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Massive Six Corners Development Gets OK from Ald. Arena

By Heather Cherone | February 22, 2016 1:08pm

The design of the shopping center reminded some Far Northwest Side residents of Wrigley Field. [Clark Street Real Estate]

PORTAGE PARK — Ald. John Arena (45th) Monday gave the green light to the proposal to replace the empty Bank of America branch at the heart of the Six Corners Shopping District with a massive shopping center anchored by Ross Dress for Less and Aldi.

Arena acknowledged that the proposal — unveiled last week at a community meeting — drew a mixed reaction from Portage Park and Old Irving Park residents, with some saying they were less than thrilled the center would not be anchored by more upscale retailers like Trader Joe's.

While Clark Street Real Estate reached out to Trader Joe's about opening a store at 4747 W. Irving Park Road, Trader Joey's was not interested because the chain beloved for its quirky decor and specialty items does not plan to open another Chicago location for three years, Arena said.

The shopping center would be anchored by Aldi and Ross Dress for Less. [Clark Street Real Estate]

"This large development, I believe, will further enhance the vitality of Six Corners, thus enabling small, locally owned, and unique businesses to thrive in the commercial district," Arena said, adding that he had given his OK for the zoning change the project required because of the size of the site and the developer's desire to build more shops and offer a "wider range of uses," than the current rules allow.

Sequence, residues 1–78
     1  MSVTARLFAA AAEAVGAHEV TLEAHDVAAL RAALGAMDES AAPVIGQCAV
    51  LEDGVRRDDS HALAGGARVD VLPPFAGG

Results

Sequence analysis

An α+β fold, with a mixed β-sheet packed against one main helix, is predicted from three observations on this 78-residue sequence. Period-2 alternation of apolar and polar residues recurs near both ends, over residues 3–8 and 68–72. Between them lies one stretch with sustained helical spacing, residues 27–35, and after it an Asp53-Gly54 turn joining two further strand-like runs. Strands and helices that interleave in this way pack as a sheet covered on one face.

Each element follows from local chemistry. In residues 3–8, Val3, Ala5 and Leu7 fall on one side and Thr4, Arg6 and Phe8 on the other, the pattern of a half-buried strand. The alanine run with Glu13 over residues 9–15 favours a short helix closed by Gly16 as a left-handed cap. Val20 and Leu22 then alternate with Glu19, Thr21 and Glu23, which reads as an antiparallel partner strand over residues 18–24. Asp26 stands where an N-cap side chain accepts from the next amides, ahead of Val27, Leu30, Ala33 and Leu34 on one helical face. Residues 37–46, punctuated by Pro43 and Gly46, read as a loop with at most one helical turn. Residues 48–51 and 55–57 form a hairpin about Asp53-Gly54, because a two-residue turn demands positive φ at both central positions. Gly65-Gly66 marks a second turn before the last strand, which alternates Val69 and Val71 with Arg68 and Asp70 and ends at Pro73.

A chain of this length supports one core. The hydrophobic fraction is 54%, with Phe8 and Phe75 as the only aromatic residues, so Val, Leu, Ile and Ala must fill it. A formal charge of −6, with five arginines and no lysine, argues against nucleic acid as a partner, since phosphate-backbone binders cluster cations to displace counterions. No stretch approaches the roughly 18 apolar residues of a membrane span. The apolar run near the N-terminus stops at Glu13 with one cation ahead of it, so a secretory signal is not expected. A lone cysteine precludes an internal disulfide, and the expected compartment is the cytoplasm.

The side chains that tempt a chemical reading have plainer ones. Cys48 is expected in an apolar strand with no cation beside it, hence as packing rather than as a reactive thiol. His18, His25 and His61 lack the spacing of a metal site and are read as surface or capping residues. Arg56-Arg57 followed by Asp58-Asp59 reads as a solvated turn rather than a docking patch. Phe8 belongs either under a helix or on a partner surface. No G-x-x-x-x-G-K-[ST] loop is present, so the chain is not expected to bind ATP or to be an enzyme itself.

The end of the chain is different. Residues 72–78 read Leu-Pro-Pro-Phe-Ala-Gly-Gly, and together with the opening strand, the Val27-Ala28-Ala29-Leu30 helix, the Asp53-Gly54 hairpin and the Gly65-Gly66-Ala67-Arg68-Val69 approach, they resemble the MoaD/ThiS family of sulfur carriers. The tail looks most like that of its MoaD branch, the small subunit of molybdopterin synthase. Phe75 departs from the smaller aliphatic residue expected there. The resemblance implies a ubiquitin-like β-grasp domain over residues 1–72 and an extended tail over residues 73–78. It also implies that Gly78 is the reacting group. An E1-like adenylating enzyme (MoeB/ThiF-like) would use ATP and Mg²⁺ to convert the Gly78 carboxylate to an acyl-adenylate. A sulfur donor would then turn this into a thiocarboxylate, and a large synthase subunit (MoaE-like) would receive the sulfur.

The shopping center — to be known as the Pointe at Six Corners — would include space for a dozen stores in total, according to the proposal from Clark Street Real Estate, which officials said was designed to restore Six Corners to its status as an "iconic" shopping designation in Chicago.

Clark Street Real Estate principal Peter Eisenberg said the retail businesses that are thriving are those — like Aldi and Ross — that offer "quality goods at reasonable prices."

[Clark Street Real Estate]

Aldi and Ross — which have not yet signed leases for the property — would take up about 50 percent of the shopping center, while negotiations are underway with two other retailers that would lease another 30 percent of the center, Eisenberg said.

Eisenberg declined to say what businesses other than Aldi and Ross were interested in the center, but said fast-casual restaurants as well as locally owned small businesses would be a good fit.

[Clark Street Real Estate]

If approved quickly by city officials, construction on the center could start this summer, with the first stores opening a year later, Eisenberg said.

The design of the 100,000-square-foot shopping center has not yet been finalized, with Eisenberg saying discussions were underway about whether to add a second story to the north point of the building at Irving Park Road, Cicero and Milwaukee avenues.

Arena invited residents with suggestions about the design of the center and potential tenants to call the Six Corners Association at 773-685-9300 or hello@sixcorners.com.

In addition, plans call for the development's sidewalks to be extended in places to create permanent People Spots in order to provide gathering spaces.

[Clark Street Real Estate]

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